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Acne vulgaris accounts for one of the most common dermatologic diagnoses, including skin color (SOC) populations. A study helped to clarify the existing published data and provided consensus statements on acne presentation, prevention, treatment, and maintenance in SOC populations to help improve patient outcomes.
The study utilized the efforts of six SOC dermatologists gathered via a virtual meeting, using a modified Delphi process to address: 1) Existence of racial/ethnic differences in the clinical presentation and sequel of acne? 2) Existence of racial/ethnic differences in the therapeutic endpoint of acne treatment and patient expectations? 3) Need for specialized approaches to therapeutic options and skincare in acne patients with SOC?
The results of a literature review along with discussions, coupled with the panel′s expert opinion and experience, were then summarized to aid health care providers caring for acne patients and clinician-researchers.
The panel agreed on six consensus statements after reviewing and discussing the drafted statements generated by the original literature search-
Statement 1: Post-inflammatory hyperpigmentation (PIH), a common sequela of acne in SOC, can also develop on irritation from topical acne treatments or procedural therapies. Since PIH can occur as a sequela of acne or as a complication of treatment, regimens must be aggressive enough to reduce inflammation from acne and well-tolerated to avoid irritation from treatment. Therefore, while treating and prescribing skincare regimens for SOC patients with acne, an individualized selection of a topical regimen to minimize irritation should consider tolerability characteristics of the active ingredients and vehicle.
Statement 2: Dry skin, a common concern among patients with SOC, may be more visible or stigmatizing in richly pigmented skin.
Statement 3: The skin of African Americans shows Decreased ceramide levels.
Statement 4: Acne-related PIH in the SOC individual can be equally bothersome as the acne lesions themselves. So, the therapeutic endpoint of acne treatment in SOC patients must comprise of resolution of PIH and long-term control of underlying acne vulgaris.
Statement 5: Adjunctive skincare have shown an essential role in preventing, treating, and maintaining acne. The selection of cleansers and moisturizers for acne and acne-prone skin should be based on individual and/or cultural variations in skincare preferences. Some skincare and hair care products, commonly used in communities of color, like cocoa butter and petrolatum, may exacerbate acne.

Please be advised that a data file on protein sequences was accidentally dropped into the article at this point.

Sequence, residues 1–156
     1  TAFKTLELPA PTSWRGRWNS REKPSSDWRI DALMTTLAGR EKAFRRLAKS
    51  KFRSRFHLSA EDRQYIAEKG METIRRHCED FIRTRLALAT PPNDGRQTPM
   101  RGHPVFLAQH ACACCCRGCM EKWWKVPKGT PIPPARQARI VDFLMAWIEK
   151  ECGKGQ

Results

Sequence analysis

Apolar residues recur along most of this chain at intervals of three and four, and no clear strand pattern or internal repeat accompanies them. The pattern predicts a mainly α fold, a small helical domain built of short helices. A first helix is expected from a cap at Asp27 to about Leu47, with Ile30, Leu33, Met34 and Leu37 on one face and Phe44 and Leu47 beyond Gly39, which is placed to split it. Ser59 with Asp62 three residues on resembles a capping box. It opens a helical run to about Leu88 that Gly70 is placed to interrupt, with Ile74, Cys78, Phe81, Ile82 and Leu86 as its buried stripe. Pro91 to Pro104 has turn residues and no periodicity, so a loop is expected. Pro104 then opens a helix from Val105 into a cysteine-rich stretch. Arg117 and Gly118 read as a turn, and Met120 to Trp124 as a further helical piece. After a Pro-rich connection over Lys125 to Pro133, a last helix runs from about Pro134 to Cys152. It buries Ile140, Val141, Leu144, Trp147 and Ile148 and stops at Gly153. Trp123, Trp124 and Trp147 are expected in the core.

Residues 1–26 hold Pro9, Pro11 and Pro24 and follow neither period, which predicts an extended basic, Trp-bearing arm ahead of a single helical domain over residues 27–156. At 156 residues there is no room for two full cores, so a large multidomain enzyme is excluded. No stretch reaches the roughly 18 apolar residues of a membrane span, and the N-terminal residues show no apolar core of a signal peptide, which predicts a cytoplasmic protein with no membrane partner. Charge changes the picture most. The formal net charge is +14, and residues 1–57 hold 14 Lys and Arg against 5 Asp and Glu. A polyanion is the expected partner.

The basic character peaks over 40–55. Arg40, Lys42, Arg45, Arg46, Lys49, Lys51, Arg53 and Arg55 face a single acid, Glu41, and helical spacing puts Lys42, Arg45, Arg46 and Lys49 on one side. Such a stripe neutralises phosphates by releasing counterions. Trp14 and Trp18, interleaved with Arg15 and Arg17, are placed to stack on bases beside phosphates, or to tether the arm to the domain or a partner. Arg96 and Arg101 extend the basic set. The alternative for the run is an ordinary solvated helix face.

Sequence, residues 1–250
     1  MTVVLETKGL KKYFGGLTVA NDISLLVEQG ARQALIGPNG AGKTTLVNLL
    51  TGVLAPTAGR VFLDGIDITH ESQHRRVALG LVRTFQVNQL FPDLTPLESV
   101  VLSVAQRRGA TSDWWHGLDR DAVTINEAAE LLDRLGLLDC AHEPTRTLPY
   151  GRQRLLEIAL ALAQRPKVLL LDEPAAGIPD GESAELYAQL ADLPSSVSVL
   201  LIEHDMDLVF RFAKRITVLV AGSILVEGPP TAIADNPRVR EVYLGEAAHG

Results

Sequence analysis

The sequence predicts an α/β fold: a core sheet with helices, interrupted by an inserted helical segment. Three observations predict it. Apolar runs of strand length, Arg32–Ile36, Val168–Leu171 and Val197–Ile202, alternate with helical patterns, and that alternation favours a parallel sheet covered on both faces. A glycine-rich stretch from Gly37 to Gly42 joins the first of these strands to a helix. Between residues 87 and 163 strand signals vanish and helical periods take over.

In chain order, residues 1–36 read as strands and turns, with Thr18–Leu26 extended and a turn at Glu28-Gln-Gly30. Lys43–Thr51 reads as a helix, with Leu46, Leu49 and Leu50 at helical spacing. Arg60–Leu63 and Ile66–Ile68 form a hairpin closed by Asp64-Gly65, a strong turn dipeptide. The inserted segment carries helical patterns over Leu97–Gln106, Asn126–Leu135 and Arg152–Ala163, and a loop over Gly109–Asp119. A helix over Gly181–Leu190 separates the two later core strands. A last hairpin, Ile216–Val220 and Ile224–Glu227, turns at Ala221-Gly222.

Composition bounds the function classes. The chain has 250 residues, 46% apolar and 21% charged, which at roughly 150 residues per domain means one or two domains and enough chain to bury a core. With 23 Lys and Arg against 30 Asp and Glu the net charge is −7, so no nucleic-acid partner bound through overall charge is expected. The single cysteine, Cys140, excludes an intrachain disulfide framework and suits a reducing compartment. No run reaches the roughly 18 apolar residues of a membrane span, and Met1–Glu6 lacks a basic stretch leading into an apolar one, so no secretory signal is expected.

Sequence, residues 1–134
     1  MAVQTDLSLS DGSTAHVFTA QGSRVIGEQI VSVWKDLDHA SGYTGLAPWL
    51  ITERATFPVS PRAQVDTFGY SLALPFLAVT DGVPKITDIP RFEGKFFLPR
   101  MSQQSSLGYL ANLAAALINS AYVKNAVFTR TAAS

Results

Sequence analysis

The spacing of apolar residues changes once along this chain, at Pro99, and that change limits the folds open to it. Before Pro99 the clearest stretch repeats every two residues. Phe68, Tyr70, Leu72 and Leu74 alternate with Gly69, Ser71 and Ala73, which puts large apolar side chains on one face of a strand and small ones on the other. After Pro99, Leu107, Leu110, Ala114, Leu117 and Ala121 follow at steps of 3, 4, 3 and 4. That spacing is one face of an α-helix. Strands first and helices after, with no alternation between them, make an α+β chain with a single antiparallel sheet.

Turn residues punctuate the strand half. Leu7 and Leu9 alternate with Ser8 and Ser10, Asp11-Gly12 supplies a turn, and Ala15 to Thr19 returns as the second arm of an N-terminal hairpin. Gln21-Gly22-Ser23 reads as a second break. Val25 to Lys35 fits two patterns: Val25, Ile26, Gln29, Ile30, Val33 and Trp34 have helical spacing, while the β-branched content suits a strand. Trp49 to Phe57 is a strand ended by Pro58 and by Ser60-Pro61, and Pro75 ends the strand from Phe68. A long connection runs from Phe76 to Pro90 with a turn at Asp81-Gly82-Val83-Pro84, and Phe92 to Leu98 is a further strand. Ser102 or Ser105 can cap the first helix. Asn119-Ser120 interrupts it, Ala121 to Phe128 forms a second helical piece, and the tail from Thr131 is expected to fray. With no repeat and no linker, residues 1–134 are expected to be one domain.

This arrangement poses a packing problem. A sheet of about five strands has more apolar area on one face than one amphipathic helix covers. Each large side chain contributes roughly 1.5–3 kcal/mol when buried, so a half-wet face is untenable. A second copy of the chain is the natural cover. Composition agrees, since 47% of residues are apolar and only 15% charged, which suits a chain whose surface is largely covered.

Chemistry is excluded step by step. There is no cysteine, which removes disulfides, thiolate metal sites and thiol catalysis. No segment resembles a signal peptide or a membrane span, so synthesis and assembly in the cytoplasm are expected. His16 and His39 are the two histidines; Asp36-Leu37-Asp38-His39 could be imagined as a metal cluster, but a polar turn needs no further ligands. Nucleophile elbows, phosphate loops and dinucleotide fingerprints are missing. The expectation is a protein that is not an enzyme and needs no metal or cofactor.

Statement 6: the Special considerations to be remembered while treating SOC individuals with acne:
- Dry skin and irritation are a common result of topical acne treatment or systemic retinoid therapy.
- Dryness and irritation resulting from acne treatment can be improved by using Non-comedogenic cleansers and moisturizers. Prioritize aqueous gels, lotion, or cream vehicles.
- Acne-affected skin has lower levels of ceramides, with profound reductions compared to healthy individuals of all ethnicities. Thus, Ceramide-containing moisturizers may enhance adherence and complement existing acne therapies in these patients.
It was summarized as-
- There exist Racial/ethnic differences in the clinical presentation, sequelae, and desired treatment outcomes for acne.
- Early initiation and maintenance of treatment regimens and careful consideration of tolerability of active ingredients, vehicles, and dosing are the strategies that can improve outcomes in acne patients with SOC.
- Irritation or dryness can be minimized by using pH-balanced, non-irritating cleansers and non-comedogenic ceramides containing moisturizers.
Thus the study warranted specialized approaches to therapeutic options and skincare in acne patients with SOC. It also recommended the use of OTC skincare products before and during prescription therapy and as part of a maintenance regimen.
Source: J Drugs Dermatol. 2021 Jul 1;20(7):716-725. doi: 10.36849/JDD.6169. PMID: 34232006.